Creating change agents of hospitality

There is no doubt that the pandemic has changed the hospitality industry and its people. It was a change in which we ended up being mainly passive observers – powerless to change the course of the pandemic, government decisions, and the impact that the pandemic was having on travelling and purchasing decisions of our guests.

The impact of this change financially in the UK is estimated by UKHospitality at £80.8bn of lost sales in the first 12 months of Covid. However, we are yet to see the full impact on the staffing levels, industry staff retention and the health and wellbeing of those who have stayed loyal to hospitality and worked all the way through these challenges.

Hospitality response – makers of our own destiny

Once we had gone through all the stages of the Kubler-Ross change curve (a model used by individuals and organisations to help people understand their reactions to significant change or loss), we could see the hospitality spirit waking up and businesses and individuals taking the change processes in their own hands.

We could see amazing Michelin star takeaway menus, hotel premises being repurposed, teams that have never worked remotely being amazingly agile and finding ways to efficiency in the new circumstances.

We could see amazing Michelin star takeaway menus, hotel premises being repurposed, teams that have never worked remotely being amazingly agile and finding ways to efficiency in the new circumstances.

Agile change management approach

The key in the survival and the faster recovery for some of the organisations Umbrella Training has been working with is the choice to be an active player with a holistic approach to change management.

Rather than mothballing the development programmes and investment plans, these organisations decided to support their people through the change curve and apply concepts like resilient leadership, agile communication, stronger partnering with stakeholders and utilising blended learning models.

This comprehensive set of actions is outlined by Deloitte management consultants in their comprehensive report “Combating COVID-19 with an agile change management approach” that was recently published as one of the pathways to success in keeping the organisation competitive.

Why do we need to continue to change in an agile manner?

The world around is not waiting for us to settle in our new working environments. Just as we think we have settled on a course of action – things evolve and require us to adjust.

Melanie Franklin, a highly respected thought leader in change management and firm advocate of agile change management techniques, explains that the frequency of change generated by agile approaches is far higher and that, when adopting this, we create mini waves of change.

These mini waves of change all contribute to successful adaptation to new ways of working. The most important part is supporting people whilst riding on these waves of change, and allowing them to be part of it from the very beginning. Hospitality can embrace this.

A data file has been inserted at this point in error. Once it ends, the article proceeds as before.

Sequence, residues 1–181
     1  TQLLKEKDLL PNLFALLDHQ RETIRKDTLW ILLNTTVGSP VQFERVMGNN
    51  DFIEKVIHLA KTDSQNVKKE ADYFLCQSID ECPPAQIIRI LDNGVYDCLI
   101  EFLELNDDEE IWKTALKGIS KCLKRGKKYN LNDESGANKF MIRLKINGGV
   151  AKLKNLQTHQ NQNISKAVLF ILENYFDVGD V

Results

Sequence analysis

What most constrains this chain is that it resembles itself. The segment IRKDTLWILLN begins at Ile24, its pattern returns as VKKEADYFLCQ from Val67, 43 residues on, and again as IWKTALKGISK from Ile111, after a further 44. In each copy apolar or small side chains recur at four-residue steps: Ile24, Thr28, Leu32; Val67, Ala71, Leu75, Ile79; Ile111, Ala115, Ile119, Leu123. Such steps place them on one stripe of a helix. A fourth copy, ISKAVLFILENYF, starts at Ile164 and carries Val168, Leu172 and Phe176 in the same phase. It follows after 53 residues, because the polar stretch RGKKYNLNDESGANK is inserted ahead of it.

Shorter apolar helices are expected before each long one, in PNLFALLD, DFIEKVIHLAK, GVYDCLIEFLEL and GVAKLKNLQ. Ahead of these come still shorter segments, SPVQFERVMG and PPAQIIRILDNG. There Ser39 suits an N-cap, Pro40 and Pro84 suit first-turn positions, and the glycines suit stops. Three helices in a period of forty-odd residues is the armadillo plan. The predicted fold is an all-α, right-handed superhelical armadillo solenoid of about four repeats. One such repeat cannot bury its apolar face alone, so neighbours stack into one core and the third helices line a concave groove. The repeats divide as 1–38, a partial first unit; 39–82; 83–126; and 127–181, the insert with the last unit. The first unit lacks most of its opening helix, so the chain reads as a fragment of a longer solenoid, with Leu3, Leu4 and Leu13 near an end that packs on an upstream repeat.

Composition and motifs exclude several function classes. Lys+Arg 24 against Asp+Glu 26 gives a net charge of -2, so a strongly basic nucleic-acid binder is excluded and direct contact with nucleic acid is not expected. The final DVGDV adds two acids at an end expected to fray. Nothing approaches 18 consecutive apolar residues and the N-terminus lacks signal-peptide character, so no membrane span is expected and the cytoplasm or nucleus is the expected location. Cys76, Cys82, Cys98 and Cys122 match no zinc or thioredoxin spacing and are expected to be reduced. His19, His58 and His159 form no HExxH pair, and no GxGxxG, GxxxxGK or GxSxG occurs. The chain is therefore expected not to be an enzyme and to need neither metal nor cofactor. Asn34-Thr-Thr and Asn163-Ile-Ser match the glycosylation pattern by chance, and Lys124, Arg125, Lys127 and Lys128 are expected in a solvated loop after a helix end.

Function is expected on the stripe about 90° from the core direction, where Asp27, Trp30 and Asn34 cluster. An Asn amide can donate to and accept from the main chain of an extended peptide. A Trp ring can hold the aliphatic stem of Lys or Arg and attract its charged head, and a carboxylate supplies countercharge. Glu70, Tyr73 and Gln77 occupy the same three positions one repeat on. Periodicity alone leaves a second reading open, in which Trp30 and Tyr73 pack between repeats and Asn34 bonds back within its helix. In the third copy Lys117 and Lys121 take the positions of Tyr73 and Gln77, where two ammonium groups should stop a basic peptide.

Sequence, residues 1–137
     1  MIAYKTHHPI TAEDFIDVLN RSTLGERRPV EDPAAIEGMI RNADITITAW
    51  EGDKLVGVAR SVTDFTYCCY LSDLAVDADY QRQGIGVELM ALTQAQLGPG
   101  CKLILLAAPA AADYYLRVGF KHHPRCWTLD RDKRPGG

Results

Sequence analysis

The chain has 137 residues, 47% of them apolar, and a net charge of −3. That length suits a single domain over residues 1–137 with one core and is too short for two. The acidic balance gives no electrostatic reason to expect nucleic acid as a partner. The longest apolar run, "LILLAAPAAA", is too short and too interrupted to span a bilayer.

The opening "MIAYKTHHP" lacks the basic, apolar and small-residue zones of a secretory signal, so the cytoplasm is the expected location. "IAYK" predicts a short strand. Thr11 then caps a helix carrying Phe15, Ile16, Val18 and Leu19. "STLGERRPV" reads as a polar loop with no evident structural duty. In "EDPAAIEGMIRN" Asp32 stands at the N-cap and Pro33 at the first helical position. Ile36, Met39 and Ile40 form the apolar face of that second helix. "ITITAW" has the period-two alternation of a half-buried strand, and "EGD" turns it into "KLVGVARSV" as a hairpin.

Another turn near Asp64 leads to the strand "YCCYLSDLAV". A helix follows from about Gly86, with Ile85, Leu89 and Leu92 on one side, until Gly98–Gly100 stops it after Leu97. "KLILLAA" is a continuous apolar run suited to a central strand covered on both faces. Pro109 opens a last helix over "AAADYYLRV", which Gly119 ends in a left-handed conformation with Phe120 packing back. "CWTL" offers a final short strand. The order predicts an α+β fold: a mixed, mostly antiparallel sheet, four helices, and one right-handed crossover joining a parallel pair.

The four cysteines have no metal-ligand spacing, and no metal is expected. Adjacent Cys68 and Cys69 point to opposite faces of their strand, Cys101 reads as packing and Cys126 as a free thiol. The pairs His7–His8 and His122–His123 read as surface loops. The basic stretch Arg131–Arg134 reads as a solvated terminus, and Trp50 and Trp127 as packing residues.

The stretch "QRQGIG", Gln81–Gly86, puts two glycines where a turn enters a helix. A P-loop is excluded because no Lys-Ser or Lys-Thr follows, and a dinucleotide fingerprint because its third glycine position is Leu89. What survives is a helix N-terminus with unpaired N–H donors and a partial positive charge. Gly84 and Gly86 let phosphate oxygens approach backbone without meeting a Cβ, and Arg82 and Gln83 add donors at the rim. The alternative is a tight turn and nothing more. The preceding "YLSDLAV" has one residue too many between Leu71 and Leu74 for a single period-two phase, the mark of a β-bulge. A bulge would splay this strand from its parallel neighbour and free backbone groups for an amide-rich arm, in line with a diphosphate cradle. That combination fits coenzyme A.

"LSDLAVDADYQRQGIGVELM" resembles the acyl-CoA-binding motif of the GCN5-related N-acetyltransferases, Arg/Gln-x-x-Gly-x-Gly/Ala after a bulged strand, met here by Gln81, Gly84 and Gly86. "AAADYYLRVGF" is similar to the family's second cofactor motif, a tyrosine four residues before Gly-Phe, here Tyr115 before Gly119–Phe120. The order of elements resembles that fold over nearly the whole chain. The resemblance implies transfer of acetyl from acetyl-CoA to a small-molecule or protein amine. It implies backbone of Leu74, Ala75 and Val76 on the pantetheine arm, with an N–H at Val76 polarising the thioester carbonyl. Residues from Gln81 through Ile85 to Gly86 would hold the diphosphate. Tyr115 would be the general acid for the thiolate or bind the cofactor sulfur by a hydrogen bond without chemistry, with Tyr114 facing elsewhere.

Issues with change and change initiatives

Despite change being the only constant we can rely on, humans have not taken easily to this definition. Change brings with it fear of losing status, fear of being able to use the new technology, being able to learn new ways of working. The majority of people dislike change because of the perceived uncertainty that it brings with it. We’ve seen this across business over the course of the pandemic period. Managing change successfully has become one of the key leadership skills in the hospitality industry today.

Making change management more effective

It is paramount for the organisations involved in the change to support their stakeholders by providing the following:

  • Information – at every stage of the process and in a format relevant to their audience.
  • Involvement – asking for feedback and input; working on hearing all the voices who will be impacted by the change.
  • Support – open doors policy for people to be able to explore their personal challenges with change.
  • Structure – clarity on how the change will work, who to speak to if they have issues, how to get involved, what the desired outcome of the change should be.

Role of the apprenticeships in managing change

Author and entrepreneur Seth Godin, has said: “Our job is obvious: We need to get out of the way, shine a light, and empower a new generation to teach itself and to go further and faster than any generation ever has.”

Apprentices are perfect change agents. They have capacity to be critical friends, they bring different perspective to a business and by developing future-fit skills like agility and autonomy – we are building future leaders who are not afraid of agile change.

Apprentices can support businesses with horizon-scanning and scan the external environment to help predict changes in the labour market. Apprenticeship programmes can be a perfect platform to support changes to processes, performance expectations and culture in general. Apprentices can be emissaries of change, sharing their experience and engaging others in the organisation that might have a more stagnant view.

There is always a temptation to go down the route of a path well-travelled. What if we empowered our apprentices to be change generators? Talent attraction, recruitment days, training – these are great examples where your apprentices could help you create new waves of change by hearing their voices.


Filed Under: HospitalityIndustrycovid-19

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